By Robert S, Ortloff, Prisoner of the Drug War
In a speech before the Drake University Law School, Judge Richard Arnold of the United States Court of Appeals for the Eighth Circuit acknowledged an untenable practice of federal courts, that is, perfunctory opinions which are contrary to the American ideal of justice.
Quoted in The Des Moines Register on March 26, 1999, Judge Arnold called this federal practice an "abomination" and described how he recently participated in a court session where over 50 cases were decided in a mere two hours; The appellate panel heard many, many cases with no opinions or unpublished opinions. Judge Arnold said, "I felt dirty. It was a betrayal or the judicial ethos. It makes me feel terrible."
These perfunctory, and in many cases, one line rulings are terrible. They certainly violate the due process of law and create a bulwark against an individual's post-conviction appeal effort by denying a thoughtful, on point, written basis for how the court reached its judgment to affirm the conviction or deny the relief requested.
The truth is that most federal appeals are now rubberstamped. Indeed, much of the judiciary neither has the time or inclination to even read the records before making these ugly and tragic decisions.This dishonorable reality is a systemic phenomenon and has significant implications for the production of unlawful and false convictions, it's time that the Americal public realize that it could be them next.
The federal system, starting with the targeting of an individual or the investigation of an alleged crime, and culminating in the appellate courts, tends to ratify errors and wrongdoing at lower levels in the process. Simply stated, the further a case progresses, the less chance there is that an error or misconduct will be discovered and then actually corrected.
That is the federal government's trump card: once convicted, the typical defendant is financially wiped-out, burdened with either court-appointed counsel or no counsel at all, and he or she now simply faces an insurmountable array of procedural and technical hurdles just to get a federal court to review the issues on their merits. On the rare occasion that a court will address an issue on the merits or will accept jurisdiction of a habeas petition, a successful 2255 or Rule 60(b) motion, the individual, whether illegally convicted or actually innocent, still is faced with the greatest hurdle of allan apathetic judiciary which bends and twists the issues, contorting the facts and legal precedent so that the truth can be avoided and the conviction affirmed.
Justice isn't the goal. The truth doesn't matter. Controlling case law doesn't matter, especially when most criminal and habeas opinions are never published for public scrutiny. In a corporate society like ours, it's the bottom line; the numbers. And it's a war, and in war, innocents are destroyed, rights are taken, and the truth dies.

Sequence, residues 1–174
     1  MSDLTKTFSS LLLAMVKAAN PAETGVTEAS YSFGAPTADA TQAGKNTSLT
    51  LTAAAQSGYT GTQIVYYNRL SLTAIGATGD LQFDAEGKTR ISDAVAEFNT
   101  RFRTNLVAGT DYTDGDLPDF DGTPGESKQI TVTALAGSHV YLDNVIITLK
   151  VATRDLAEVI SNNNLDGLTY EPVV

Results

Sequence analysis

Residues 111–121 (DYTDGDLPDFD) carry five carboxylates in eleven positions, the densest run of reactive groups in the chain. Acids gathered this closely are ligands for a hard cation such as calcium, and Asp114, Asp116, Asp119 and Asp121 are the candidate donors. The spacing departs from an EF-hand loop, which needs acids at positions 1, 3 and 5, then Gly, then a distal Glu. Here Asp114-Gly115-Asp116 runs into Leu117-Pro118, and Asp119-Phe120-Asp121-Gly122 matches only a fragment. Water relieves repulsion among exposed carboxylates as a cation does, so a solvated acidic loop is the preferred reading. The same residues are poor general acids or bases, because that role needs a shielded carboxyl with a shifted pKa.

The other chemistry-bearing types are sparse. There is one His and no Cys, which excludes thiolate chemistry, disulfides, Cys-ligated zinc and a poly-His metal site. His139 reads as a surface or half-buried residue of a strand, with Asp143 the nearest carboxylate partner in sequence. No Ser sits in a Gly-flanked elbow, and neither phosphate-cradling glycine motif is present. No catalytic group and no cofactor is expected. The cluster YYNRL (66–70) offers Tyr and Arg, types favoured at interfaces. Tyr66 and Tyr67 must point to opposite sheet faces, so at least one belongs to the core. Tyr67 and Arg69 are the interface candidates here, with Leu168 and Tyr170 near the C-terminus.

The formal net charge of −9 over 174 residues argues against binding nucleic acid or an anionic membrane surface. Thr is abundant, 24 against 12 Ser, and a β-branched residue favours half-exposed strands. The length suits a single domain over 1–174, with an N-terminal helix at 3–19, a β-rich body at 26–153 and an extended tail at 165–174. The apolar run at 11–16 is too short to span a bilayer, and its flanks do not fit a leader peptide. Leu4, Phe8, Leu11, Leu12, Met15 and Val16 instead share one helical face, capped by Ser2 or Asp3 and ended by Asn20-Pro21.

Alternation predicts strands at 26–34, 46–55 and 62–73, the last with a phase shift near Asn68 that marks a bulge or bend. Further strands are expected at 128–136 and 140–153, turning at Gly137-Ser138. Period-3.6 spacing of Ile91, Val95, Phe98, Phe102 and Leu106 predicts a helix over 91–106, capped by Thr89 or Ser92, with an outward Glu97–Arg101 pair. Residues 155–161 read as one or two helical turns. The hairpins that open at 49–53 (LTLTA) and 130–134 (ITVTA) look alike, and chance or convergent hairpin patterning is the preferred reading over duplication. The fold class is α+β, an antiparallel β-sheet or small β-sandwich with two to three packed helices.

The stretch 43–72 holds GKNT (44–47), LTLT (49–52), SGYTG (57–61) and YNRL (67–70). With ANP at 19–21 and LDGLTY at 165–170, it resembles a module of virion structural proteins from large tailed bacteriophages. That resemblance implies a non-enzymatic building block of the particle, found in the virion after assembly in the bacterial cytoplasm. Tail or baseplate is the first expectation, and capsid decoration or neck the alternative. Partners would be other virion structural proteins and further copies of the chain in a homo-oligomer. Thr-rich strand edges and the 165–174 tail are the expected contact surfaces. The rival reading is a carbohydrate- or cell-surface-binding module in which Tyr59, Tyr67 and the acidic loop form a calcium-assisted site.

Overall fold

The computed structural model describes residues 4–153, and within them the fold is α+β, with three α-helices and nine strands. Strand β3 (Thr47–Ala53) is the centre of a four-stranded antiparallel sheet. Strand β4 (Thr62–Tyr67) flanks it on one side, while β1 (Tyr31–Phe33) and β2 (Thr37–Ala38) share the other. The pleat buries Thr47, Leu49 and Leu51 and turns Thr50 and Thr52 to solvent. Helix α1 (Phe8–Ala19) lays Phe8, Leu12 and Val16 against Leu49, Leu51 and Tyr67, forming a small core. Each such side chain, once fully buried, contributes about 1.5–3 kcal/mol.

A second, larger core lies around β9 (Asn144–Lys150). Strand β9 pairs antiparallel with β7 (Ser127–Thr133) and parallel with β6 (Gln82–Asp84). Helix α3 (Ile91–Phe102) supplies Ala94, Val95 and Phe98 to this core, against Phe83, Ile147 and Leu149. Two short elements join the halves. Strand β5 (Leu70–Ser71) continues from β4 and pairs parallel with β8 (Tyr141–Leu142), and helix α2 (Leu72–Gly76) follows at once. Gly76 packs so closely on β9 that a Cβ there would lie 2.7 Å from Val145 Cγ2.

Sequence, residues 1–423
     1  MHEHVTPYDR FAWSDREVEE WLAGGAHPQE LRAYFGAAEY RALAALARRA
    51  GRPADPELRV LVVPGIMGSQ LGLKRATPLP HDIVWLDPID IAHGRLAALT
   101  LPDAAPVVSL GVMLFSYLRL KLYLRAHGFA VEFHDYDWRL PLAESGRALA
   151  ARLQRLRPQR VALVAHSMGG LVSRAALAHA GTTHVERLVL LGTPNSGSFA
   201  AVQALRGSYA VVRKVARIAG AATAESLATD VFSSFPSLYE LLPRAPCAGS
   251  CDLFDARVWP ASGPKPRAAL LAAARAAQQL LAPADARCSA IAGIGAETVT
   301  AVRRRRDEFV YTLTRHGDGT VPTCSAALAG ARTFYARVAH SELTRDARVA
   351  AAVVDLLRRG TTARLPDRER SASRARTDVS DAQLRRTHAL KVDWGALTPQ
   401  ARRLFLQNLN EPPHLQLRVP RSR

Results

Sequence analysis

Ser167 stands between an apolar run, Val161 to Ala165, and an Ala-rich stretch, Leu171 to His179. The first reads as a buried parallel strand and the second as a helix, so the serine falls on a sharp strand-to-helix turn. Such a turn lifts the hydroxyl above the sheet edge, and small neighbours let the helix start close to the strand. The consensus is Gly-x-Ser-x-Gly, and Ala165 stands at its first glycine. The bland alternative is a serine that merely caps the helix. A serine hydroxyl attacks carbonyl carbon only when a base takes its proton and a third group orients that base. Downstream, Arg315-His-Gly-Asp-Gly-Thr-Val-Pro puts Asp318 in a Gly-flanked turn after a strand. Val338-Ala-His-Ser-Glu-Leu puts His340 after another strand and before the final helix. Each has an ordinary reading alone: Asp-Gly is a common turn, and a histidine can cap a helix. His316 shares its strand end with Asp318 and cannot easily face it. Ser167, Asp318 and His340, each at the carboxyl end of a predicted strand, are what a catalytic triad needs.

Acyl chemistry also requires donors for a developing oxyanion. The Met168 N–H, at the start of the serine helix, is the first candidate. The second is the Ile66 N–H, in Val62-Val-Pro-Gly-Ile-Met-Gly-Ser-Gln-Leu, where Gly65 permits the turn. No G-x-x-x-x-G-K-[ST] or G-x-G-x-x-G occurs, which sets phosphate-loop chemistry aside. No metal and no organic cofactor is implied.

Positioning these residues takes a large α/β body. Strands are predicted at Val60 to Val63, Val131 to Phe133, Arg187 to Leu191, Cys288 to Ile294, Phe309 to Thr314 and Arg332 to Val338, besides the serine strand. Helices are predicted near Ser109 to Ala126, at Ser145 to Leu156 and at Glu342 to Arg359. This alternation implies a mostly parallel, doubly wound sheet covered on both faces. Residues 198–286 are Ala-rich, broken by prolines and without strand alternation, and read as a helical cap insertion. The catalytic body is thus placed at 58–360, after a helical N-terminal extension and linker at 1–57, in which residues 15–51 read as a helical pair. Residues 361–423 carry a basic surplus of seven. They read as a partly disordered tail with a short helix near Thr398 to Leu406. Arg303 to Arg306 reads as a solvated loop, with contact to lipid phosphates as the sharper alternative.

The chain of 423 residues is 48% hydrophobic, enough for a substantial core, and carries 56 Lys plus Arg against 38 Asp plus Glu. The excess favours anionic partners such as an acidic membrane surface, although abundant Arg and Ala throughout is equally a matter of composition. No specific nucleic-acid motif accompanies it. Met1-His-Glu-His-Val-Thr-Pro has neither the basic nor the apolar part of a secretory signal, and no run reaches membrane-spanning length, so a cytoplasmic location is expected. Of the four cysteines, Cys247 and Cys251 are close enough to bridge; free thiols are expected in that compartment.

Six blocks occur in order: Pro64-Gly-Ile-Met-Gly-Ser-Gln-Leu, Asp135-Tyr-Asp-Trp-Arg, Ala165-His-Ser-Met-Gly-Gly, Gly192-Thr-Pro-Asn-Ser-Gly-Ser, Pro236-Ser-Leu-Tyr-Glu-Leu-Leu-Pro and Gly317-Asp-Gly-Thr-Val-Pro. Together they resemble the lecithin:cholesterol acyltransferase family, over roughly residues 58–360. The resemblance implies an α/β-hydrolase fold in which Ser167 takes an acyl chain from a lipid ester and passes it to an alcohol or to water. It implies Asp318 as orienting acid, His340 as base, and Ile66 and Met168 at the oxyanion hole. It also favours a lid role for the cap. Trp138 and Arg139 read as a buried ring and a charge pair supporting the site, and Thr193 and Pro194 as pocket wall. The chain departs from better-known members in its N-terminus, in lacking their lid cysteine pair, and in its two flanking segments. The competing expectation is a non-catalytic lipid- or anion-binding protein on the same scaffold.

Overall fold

There is now within our judiciary a desperate need to maintain an illusion in a system run amuck, and naturally, it is the people who suffer most. The folly of the war on drugs has caused immense damage to the rights of those caught up in the venal battles of that war, and collaterally, to every American prosecuted for any alleged crime by the self-venerated system we ironically call Justice. I understand this truth all too well for I see the destruction within opinions in case after case. I see it in my friends lives and the lives of their families, and I have experienced it first hand, being a victim of rubberstamp jurisprudence as practiced in the Fifth Circuit, as that court works to limit the fallout from the forensic scandal at the FBI Crime Laboratory. In case after case, these egregious rulings purposefully limit, if not foreclose the ability to continue appealing those issues and the underlying facts which the judiciary seem too eager to ignore.
This entire situation goes to the very core of our system. It matters not what the political animals in Congress and the self-righteous U.S. Attorneys say or do if our Third Branch of government had the character and the integrity to use its plenary power and protect the rights of the people. But that check-and-balance our founding fathers gave so much hope to is a myth. Today in 1999 America the federal judiciary has turned their black-robed backs on the rights of the people in the interest of the societal need of an all-powerful state, and this truth bodes ill for our collective future as a free people.
We must keep in mind that we are battling a triad of bad law, governmental misconduct and overreaching, and an indifferent federal judiciary. Until we take that triad head-on, any gains we make in one area will be purposefully negated by one of the others. In any effort to bring an end to the war on drugs, we must ensure that our fight is brought to our judiciary as well. They must be reminded that their oath of office is to protect the Constitution and thus the rights of the individual citizen. That is what this country was founded on; that is what the judiciary has forgotten.